Wednesday, October 22, 2008

Semakau Field Trip on 18 Oct

Last Saturday, we conducted a training field trip for our volunteers, and my group this time round was Pufferfish.

The tide was horribly wrong when we reach the shore - the coral rubble area should have already been exposed, and it was still under water when we reached! We had to spend quite a bit of time on the upper shore before tide was low enough for us to proceed.

Despite the tide being different from what was stated in the tide table, we fortunately still see a lot of interesting stuff. Here's just a quick listing of some of them.

Window pane shell (Family Placunidae)
This is no giant fish scale, but a window pane shell (Family Placunidae). Mind you, it was still very much alive too.

Is the beehoon-like thing next to the gong gong its eggs?

Ocellated sea cucumber (Stichopus ocellatus)
The ocellated sea cucumber (Stichopus ocellatus) is one of the more commonly seen sea cucumber on Semakau. It has lots of 'eyespots' on its top side, which are basically dark papillae surrounded by a lighter ring. Many sea cucumbers have such papillae, which are believed to possess some sensory functions or to help the sea cucumber move around or hold to the substrate.

Sandfish sea cucumber (Holothuria scabra)
So is the sandfish sea cucumber (Holothuria scabra). This is the one that you'll usually find in restaurants, but note they must be processed to remove the toxins in them before they can be consumed.

Synaptid sea cucumber
In the seagrass meadow, a synaptid sea cucumber was busy slashing its tentacles around, picking up organic particles to feed on.

Noble volute (Cymbiola nobilis)
Our hunter-seekers found us a very pretty noble volute(Cymbiola nobilis). This snail is a predator of other smaller shells.

Swimming sea anemone (Boloceroides mcmurrichi)
Wow! A swimming anemone (Boloceroides mcmurrichi)! Haven't seen one during a guided walk for quite a while. It is able to swim by pulsating its body.

Found this little squid swimming among the seagrasses. The seagrass meadow is an important habitat for little animals, since there are lots of food and hiding places. Anyway, the squid actually changed colour a few times when we were looking at it, probably trying to camouflage itself into the surrounding.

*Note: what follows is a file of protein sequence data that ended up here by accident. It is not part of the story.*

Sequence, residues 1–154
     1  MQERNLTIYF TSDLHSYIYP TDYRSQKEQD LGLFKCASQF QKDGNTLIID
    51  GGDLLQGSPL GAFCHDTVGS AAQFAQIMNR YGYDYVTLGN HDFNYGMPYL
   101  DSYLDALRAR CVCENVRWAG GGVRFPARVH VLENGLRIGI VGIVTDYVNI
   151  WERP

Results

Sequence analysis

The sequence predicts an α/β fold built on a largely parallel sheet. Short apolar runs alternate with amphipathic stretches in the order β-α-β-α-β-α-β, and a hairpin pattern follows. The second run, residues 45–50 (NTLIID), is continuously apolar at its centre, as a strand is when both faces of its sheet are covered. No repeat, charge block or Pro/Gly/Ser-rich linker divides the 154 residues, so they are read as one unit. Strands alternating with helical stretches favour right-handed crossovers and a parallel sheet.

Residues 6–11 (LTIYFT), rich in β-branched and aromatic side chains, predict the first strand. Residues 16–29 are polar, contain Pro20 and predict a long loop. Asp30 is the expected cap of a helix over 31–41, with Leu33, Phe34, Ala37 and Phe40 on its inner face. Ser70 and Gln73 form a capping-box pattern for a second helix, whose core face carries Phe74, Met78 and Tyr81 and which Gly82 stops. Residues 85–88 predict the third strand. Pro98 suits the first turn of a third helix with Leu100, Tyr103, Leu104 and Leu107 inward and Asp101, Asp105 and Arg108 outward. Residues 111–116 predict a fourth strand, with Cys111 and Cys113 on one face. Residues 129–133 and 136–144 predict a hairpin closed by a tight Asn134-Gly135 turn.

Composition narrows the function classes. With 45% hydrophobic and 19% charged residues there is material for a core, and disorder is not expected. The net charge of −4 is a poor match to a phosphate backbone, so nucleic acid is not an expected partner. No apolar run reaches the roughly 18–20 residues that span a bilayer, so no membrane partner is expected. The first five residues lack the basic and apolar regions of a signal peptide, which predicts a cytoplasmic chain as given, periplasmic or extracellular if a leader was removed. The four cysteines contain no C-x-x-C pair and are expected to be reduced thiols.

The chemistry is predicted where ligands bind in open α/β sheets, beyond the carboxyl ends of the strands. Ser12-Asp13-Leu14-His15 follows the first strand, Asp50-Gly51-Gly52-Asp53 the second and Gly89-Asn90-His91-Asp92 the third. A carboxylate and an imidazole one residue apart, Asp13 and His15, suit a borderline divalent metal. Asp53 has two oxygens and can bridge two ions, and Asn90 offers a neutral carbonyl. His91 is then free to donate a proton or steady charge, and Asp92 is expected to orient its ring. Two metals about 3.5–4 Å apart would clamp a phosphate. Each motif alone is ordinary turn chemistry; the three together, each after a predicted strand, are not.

Moon Crabs (Ashtoret lunaris)
Some of my group members spotted this pair of moon crabs (Ashtoret lunaris). With all their legs being flattened at the tip, it was able to burrow very quickly into the sand, using their legs like spades.

Starfish, Sand-sifting sea star (Archaster typicus)
As per usual, there were lots of sand-sifting sea stars (Archaster typicus) after we crossed the seagrass meadow. This is probably one of the most common sea star in Singapore, and can be found on several of of northern and southern islands. We rarely find it on the mainland shores though.

Gigantic carpet anemone (Stichodactyla gigantea)
The resident gigantic carpet anemone (Stichodactyla gigantea) was still at the same spot. It had lots of sticky tentacles with stinging cells, ready to sting any little animals that got too close to it.

Ovum cowrie (Cypraea ovum)
And just nearby, a little ovum cowrie (Cypraea ovum) was slowly sliding over the rocks. Its smooth and shiny shell was covered by its mantle, which had a dull colour and allowed it to be camouflaged.

Dragonfish sea cucumber (Stichopus horrens)
Several dragonfish sea cucumbers (Stichopus horrens) were spotted at the coral rubble area and seagrass meadow. Like other sea cucumbers, this one breath through its anus too.

Hairy crab (Pilumnus vespertilio)
Without a trained pair of eyes, it can be quite difficult to find the hairy crab (Pilumnus vespertilio) among the sand, rocks and dead corals.

Blue swimming crab (Thalamita crenata)
Swimming crabs can be identified by the pair of paddle-shaped legs at the rear, which allows them to swim very quickly. The above is probably a blue swimming crab (Thalamita crenata).

Flatworm (Acanthozoon sp.)
A flatworm (Acanthozoon sp.) was creeping over some sargassum when we saw it. And as the name implies, it is really flat! Apart from slithering over the substrate, this flatworm can also swim by flapping the sides of its body.

Nudibranch (Gymnodoris rubropapulosa)
Some of my group members spotted this little gymnodoris nudibranch (Gymnodoris rubropapulosa). While it looks soft and cute, this sea slug is actually a hunter of other slugs, including others of its kind!

As it got darker, the octopuses also started making their appearances. Octopuses are probably the smartest invertebrates around, and research shows that they can recognise shapes and open jars to search for food.

Fluted giant clam (Tridacna squamosa)
Fortunately, though the tide was a little high, we still managed to find the fluted giant clam (Tridacna squamosa). This clam has symbiotic algae living in it, which can photosynthesize and pass on some of the nutrients to the former. In return, the clam provide the algae with shelter and also nutrients from its metabolic waste.

Mosaic crab (Lophozozymus pictor)
On the way back to dry land, we spotted this pretty mosaic crab (Lophozozymus pictor). This is the most poisonous crab in Singapore, and possibly the world, and there has been cases of fatalities from consuming this crab.

Well, it has certainly been a great trip on the whole, despite the higher than expected tide.

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